Aquatic Insects of Michigan
Ethan Bright, Museum of Zoology Insect Division and School of Natural
Resources and Environment
Environmental managers, researchers and students now have a comprehensive and authoritative resource for learning about Michigan's aquatic insect fauna.
Beginning with the resources and information here at the University of Michigan, this project will expand to include information from other research collections and institutions as well as investigators/collectors. The author would greatly appreciate information, collaboration or assistance as well as comments people would like to give regarding changes and additions to the information contained herein by emailing the author. I hope this project and web site is useful and enjoyable.
Pages contained in this project are accessed with the heirarchical menu to the left. The first item in the menu contains administrative project information, e.g., home page access, project/page updates, etc. Information about aquatic insects per se are in three sections:
Species Lists. Species-lists and site locality information are displayed. Previous species-lists that were available on the WWW have been redesigned and incorporated into this larger project to document the distribution of freshwater insects in the state of Michigan. The lengthy species list pages of the past have been removed in favor of smaller family list pages that are easily accessed using a navigation bar that appears to the left of the main frame. Currently, species-lists exist for most groups. Users will be able to determine what species have been recorded - or are likely to be recorded - from Michigan. In the future, as information becomes available and specimens processed, Michigan record localities will also be site-indicated using GIS-generated maps for each respective species with known latitude-longitude or TRS location. For now, species with verified Michigan localities are shown with bold lettering; species known from nearby locations and are likely to be found in Michigan are shown in regular lettering. Currently this part of the project is in its most advanced stage.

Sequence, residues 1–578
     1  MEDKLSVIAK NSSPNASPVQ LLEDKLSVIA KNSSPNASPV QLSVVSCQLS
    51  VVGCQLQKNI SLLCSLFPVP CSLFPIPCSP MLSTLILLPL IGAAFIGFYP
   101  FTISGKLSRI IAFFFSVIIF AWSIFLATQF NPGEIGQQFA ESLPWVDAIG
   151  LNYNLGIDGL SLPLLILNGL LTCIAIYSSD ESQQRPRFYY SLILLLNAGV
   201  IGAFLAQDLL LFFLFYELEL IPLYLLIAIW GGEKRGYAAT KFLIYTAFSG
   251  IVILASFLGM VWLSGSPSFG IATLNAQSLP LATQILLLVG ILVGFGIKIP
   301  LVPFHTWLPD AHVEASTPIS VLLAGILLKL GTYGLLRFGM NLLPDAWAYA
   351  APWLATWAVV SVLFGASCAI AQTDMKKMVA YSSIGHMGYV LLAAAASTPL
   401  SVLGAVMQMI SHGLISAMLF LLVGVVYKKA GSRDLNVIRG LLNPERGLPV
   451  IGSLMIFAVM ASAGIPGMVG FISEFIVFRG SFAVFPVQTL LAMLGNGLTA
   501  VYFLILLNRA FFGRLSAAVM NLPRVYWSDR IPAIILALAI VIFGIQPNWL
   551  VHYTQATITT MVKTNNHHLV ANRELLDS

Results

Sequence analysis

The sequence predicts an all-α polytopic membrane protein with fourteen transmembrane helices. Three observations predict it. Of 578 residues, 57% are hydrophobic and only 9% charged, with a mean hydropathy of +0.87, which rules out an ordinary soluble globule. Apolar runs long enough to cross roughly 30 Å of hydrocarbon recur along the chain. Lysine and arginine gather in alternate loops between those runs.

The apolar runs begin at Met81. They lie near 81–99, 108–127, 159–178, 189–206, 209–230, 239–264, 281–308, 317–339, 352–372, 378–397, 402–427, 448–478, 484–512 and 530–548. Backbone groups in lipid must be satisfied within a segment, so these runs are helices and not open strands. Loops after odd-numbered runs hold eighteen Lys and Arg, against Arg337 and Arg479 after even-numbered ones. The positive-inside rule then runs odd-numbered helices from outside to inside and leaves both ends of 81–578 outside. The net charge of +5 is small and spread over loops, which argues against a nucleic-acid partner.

2) Identification Resources and Keys. Taxonomic and other identification resources provide users with information necessary to identify aquatic insects from our region. At first borrowing heavily from published literature, this section hopefully will be improved through the contributions of active researchers and taxonomic/systematic experts. Keys and other diagnostic resources are being developed for most groups, although this is not currently possible for some of the larval and pupal holometabolous groups, especially family- and genus-level keys. Species-level keys may also appear if other people can lend their help with this project.
Much work remains to be done. First, with the exception of Odonata (thanks to the recent work of the Michigan Odonata Society) and Megaloptera (few but relatively easily sampled taxa), all aquatic insect groups have been incompletely surveyed in Michigan. Reasonably updated lists have been constructed for most orders, but doubtless additional taxa will be added with more thorough state-wide collecting efforts. Second, most surveys address ecosystem management issues and often the principal investigator(s) and/or specimen processors have lacked sufficient taxonomic expertise or the resources necessary to create voucher and reference collections for their respective collection sites. As a result, literally hundreds of thousands of specimens languish in jars and vials with simple family or generic-level determinations, and are often not accessible to zoology departments and qualified taxonomists. Further, many if not most of these specimens are larval specimens whose forms lack associated adult life stages that are often required of species-specific level identification. A well-surveyed fauna with information accurately correlating species to actual environmental parameters (much less elucidating population dynamics) probably will require decades of well-supported work. It is time that this effort commence, if only to provide the additional conservational impetus and protection from the accelerating environmental damage.
Last updated: August 15, 2011 (EB)